Hey there, time traveller!
This article was published 18/8/2013 (1108 days ago), so information in it may no longer be current.
As new pipelines criss-cross southwestern Manitoba and hundreds of new pumpjacks pop up every year, the number of oil spills is also on the rise.
Nearly 33,000 barrels of oil have been spilled in dribs and drabs in Manitoba over the last five years as the oilpatch boomed, and the province is on track for even more slicks this year. Last year there were 90 spills. Already this year there have been 86, totalling nearly 4,000 barrels.
But, most spills are relatively small -- a few hundred barrels -- and spills are not outpacing production. Provincial inspectors with Manitoba Innovation Energy and Mines say most spills are concentrated around equipment sites, and cleanup is immediate and complete. Spills are typically caused by mechanical problems such as tanks that overflow into secondary containment units, a rubber pipe seal that has failed or corrosion in a flow line. There have been some significant spills on farmland and into sloughs, since flow lines and other major pipelines often cross agricultural land.
Concerns about pipeline integrity have led major players in southwestern Manitoba's oil industry to replace aging pipelines. Penn West Exploration, for example, plans to replace a 29-year-old crude-oil pipeline that runs from the Waskada field to nearby Cromer with a slightly higher-capacity pipeline along the same route -- and bury a liquid natural gas pipeline in the same trench.
It's one of hundreds of kilometres of pipeline built or proposed for the area since 2010.
While the province has approved the project, some landowners along the route are concerned about the possibility of spills into the Oak Lake Aquifer, which provides drinking water to Melita and other southwestern Manitoba towns.
"It's unbelievable the minister granted a construction licence to that project," said Don Greig, a Melita-area farmer who is in the midst of negotiating an access agreement with Penn West.
"Water and water-quality issues should be important things to consider. I hope there's no spill, but there is a solution: Don't put it there."
Regional officials, however, are not concerned the new pipeline poses a threat. Melita Mayor Bob Walker and Arthur-Virden MLA Larry Maguire say they are satisfied with Penn West's plans for its new pipeline.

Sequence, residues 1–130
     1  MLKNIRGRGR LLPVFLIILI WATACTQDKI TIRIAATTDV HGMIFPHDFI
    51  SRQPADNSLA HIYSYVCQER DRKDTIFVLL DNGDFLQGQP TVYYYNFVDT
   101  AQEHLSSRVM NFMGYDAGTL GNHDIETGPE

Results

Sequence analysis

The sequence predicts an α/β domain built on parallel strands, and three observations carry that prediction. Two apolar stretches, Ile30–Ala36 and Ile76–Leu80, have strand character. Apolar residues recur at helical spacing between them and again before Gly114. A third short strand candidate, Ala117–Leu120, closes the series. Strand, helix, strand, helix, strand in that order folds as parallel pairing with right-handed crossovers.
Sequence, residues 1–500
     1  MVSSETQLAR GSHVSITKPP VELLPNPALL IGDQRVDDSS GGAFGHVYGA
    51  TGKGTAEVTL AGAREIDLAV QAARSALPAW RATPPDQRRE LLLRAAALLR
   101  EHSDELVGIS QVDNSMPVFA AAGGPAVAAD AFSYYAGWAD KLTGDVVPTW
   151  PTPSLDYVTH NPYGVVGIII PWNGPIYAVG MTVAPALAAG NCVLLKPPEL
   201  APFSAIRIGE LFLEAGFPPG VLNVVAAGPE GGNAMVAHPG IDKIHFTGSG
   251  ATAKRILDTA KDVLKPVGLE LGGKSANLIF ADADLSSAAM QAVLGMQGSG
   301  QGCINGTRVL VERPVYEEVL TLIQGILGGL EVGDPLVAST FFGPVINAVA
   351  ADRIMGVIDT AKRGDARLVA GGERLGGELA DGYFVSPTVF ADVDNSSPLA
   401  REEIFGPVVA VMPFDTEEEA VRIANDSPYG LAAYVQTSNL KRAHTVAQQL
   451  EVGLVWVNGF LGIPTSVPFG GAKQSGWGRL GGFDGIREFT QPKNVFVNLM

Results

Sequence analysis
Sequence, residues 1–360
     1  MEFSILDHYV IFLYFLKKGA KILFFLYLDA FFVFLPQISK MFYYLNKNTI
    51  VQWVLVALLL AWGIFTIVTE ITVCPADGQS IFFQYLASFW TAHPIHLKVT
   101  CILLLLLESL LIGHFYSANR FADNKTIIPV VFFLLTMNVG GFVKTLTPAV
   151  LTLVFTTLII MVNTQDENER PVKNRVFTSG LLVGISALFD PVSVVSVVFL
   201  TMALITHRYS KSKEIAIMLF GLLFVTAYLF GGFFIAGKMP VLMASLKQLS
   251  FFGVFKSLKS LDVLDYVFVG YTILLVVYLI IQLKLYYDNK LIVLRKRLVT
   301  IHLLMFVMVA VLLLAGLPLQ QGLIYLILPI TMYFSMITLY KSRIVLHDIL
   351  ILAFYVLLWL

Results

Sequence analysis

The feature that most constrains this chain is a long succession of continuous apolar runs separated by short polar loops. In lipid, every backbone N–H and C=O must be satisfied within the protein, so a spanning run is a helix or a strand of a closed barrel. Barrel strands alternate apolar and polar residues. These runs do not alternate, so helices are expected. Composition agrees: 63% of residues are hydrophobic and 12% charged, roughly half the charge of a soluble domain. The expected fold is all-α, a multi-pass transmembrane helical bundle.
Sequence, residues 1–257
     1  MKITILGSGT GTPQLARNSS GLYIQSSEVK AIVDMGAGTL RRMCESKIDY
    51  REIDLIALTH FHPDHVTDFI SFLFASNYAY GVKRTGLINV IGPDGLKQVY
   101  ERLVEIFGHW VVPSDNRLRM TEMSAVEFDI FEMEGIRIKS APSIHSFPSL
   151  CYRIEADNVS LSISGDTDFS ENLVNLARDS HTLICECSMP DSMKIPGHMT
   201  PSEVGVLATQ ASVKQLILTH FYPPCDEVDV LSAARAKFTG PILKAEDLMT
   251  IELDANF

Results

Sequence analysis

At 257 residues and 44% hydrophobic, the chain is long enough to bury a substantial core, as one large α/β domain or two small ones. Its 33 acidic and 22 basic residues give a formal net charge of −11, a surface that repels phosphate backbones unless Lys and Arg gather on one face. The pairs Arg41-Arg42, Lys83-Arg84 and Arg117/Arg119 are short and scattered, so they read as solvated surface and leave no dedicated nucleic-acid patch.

"We've seen what happens when you move oil by train," said Walker, referring to the disaster in Lac-M©gantic, Que., in July, when oil cars bearing North Dakota crude exploded, killing dozens and obliterating entire blocks of the town.
Major oil companies have been largely unwilling to speak to the Free Press about oil spills or any other issue related to Manitoba's oil development.
The most recent call to Tundra Oil & Gas Ltd., a company owned by Winnipeg's Richardson family, was not returned. Tundra staff repeatedly suggested speaking to the province even though Tundra is the biggest operator in Manitoba's oilpatch and was involved in the two largest oil spills last year, as well as one earlier this year that spilled several hundred barrels.
Lorne Barsness, a senior provincial government petroleum inspector based in Waskada, said dealing with spills is the highest priority of the petroleum branch's inspectors. There is a 24-hour reporting line, and inspectors drop what they are doing and head to a spill site when one is reported, he said.
Oil companies must report spills within 12 hours.
Each spill must be cleaned up by the company, the oil recovered and damaged soil remediated.
"No oil company wants a spill," said Keith Lowdon, director of the petroleum branch's mineral resources division, "It costs them, and we're on their backs."
A company must be found to be derelict to incur a fine, and so far no Manitoba oil operation has been fined for a spill.